Published for the greater good, and to educate the public

Right, let’s get this straigtened out here.

In our modern, hectic lifestyles, we have adopted numerous methods of communication through which we can convey messages with varying degrees of delay. I seek to propose a standard socially imposed delay hierachy, of which the respected response time is relative to the reasonable delays for the items above and below it.

‘posts’ on social networking sites -> letters -> e-mails -> SMS’ -> instant messengers -> VOIP -> telephone

This is simply explained. Telephone and VOIP are immediate environments, in which a conversation is conducted in a similar way to face-to-face. VOIP is separated here, as it is often subject to longer delays than telephone due to it often being utilised whilst the users are busy doing other things.

Text-based messengers are similar immediate environments, but due to the nature of typing, tend to be slower anyway. They allow for more room for thinking, but response should not be overly lengthly. Oh and importantly; if you forget to reply, a late reply with an apology is far far better than pretending it never happened!

SMS’ can be used to conduct a conversation, but are costly and warrant longer responses. Generally a reply within an hour or so is good, but allowing for people not keeping their phones in their hands 24/7, and disparagy between individual lifestlye timetables, a longer response time is generally deemed reasonable.

E-mails are of course not expected to have an instant reply, but it is common practice to check e-mails regularly, and so a reply within a few days is customary. Voicemail messages could be included within this category area.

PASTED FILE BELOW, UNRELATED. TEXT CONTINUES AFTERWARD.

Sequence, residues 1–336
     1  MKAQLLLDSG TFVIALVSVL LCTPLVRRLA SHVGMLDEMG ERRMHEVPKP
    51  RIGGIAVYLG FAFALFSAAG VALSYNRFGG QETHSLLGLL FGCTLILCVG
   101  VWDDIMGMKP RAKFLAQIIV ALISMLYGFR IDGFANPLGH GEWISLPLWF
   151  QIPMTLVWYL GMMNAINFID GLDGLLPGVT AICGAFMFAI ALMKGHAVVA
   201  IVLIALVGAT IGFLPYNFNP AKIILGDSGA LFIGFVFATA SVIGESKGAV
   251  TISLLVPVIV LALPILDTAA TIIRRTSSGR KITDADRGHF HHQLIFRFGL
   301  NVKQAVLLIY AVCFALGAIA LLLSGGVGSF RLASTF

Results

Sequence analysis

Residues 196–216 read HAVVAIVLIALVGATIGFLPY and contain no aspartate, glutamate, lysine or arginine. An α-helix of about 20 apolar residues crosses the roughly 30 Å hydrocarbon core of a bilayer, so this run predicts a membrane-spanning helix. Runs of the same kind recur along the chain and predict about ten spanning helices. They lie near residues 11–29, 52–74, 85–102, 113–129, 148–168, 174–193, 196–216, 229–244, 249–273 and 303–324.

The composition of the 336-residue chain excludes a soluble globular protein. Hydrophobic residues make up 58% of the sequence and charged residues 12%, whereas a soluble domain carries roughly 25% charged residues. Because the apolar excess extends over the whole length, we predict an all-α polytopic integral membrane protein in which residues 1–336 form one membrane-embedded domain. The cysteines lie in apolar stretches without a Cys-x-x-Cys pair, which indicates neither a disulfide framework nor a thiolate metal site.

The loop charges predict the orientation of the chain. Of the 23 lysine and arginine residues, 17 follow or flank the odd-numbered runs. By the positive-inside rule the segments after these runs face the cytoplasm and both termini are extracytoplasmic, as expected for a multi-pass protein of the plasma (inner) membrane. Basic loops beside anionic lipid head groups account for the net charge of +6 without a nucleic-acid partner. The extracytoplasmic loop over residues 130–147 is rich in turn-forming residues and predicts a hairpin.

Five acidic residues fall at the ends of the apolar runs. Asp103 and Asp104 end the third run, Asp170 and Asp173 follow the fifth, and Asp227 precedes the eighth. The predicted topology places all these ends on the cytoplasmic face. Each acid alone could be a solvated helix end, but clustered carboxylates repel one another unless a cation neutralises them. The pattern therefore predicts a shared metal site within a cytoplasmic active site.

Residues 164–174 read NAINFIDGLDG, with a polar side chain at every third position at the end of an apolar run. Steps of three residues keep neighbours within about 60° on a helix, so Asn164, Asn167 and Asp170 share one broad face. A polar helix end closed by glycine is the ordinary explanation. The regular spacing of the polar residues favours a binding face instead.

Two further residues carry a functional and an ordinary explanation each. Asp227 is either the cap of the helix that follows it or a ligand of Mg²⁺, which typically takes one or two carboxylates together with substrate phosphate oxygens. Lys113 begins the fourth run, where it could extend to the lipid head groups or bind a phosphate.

Letters should of course be dealt with as soon as possible, but require time to write and of course postage time. Longer distance means longer waits, and so up to two weeks is perfectly reasonable, and indeed once a month correspondance could be an acceptable norm.

As for a post on a social site, this is not a direct communication but more a message left for someone to read. Often it does not need a reply, but if it does, it should be as and when the message is checked, depending on the user’s own habits.

In this I have included offline instant messages as being more like text messages or e-mails, as they are not instant communication, and other individual cases such as a text message that is merely a note for someone would be lower in the hierachy, or an urgent letter being higher.

Happy now, Dan? I’m to bed.

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